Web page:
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'Women's Christian Temperance Union' Still Thing That Exists, Now Opposes Reefer Madness
Nostalgic for the days of Carrie Nation? Want to protect hearth and home from the Sorrows of Drink, or weed, or the Pokémans addiction? Then you may want to get yourself signed up for the Women's Christian Temperance Union, which is still somehow a going concern 80 years after the end of Prohibition. And since Prohibition was such a huge success, now the organization's 4,000 to 5,000 members are gearing up to fight the demon weed Marijuana, according to this AP story. Seems that the Maine chapter of the WCTU has resurrected itself in response to Portland's recent referendum legalizing pot use -- a law which is expected to have no real effect, since police say they'll continue to enforce state laws against the stuff.
Only this time around, instead of smashing up barrels of whiskey or marching around singing hymns in bars until the proprietors pledge to stop selling spirits, they're going to try a "lower-key approach," which seems mostly to consist of having 501(c)(3) status, collecting donations, and arglebargle until people get their lives straight:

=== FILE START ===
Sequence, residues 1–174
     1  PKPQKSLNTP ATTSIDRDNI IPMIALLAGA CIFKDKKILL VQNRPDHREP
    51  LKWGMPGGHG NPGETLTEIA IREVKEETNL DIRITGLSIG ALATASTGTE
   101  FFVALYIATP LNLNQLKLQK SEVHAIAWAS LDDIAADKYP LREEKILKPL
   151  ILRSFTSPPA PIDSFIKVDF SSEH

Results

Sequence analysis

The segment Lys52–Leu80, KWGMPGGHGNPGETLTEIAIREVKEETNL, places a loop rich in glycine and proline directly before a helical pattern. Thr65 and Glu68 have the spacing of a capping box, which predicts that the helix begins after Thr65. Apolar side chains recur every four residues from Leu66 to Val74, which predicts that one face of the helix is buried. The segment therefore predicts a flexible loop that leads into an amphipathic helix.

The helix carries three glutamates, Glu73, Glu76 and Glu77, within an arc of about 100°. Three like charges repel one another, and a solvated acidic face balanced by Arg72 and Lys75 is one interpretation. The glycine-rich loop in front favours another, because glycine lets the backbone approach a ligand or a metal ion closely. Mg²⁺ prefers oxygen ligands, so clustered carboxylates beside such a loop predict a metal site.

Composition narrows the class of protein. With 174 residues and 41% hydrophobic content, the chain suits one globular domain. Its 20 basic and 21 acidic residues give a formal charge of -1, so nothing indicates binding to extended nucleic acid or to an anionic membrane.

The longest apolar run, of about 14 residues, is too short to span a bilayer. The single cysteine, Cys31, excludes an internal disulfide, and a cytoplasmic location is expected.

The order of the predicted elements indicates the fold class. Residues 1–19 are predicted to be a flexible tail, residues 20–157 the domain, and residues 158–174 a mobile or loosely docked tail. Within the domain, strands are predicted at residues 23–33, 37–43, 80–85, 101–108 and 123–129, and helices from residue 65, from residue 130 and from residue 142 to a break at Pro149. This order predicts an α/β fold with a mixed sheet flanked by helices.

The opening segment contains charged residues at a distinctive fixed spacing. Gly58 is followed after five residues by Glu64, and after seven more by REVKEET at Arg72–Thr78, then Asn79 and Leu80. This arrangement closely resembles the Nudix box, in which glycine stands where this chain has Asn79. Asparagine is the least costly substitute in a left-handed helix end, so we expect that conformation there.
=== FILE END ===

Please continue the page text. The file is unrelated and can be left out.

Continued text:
"We just want to bring a new passion here. It's not that we want to be self-righteous and condemn you because you're drinking or drugging or you're smoking pot," said the Rev. David Perkins, who is working with his wife to restore the WCTU's Portland chapter. "It's not that. We want to love you but tell you that there are ill effects."
Sounds like a terrific plan! We searched the article in vain for anything more specific; beyond that goal and a desire to clean up the old meeting house, we didn't see anything. But they are definitely bothered about all this pot.
Janet Perkins, Rev. Dave's wife, says,
"We find that a lot of people who are on hard drugs had started with marijuana ... That's one of the reasons we don't agree with the new law."
Ah, the old "gateway drug" argument -- that's bound to be a winner, what with its absolutely unambiguous record of ambiguous studies.
There's something faintly endearing and eyeroll-inducing about these folks, like the earnest student Marxists on every college campus everywhere who form a "New SDS" every few years. Or the guy who got elected as a Whig last month. Mostly, these folks leave us torn between "oh for fuckssake" and "huh -- there should be a preserve for outdated social reform movements somewhere." Maybe we could start a theme park, where the Temperance folks could picket against the Theosophical Society and the Free Silver advocates could share organizing tips with utopian diet reformers or something. Just don't invite the Know-Nothings, because there's little chance you'd get them off the House floor.
[ ABC News ]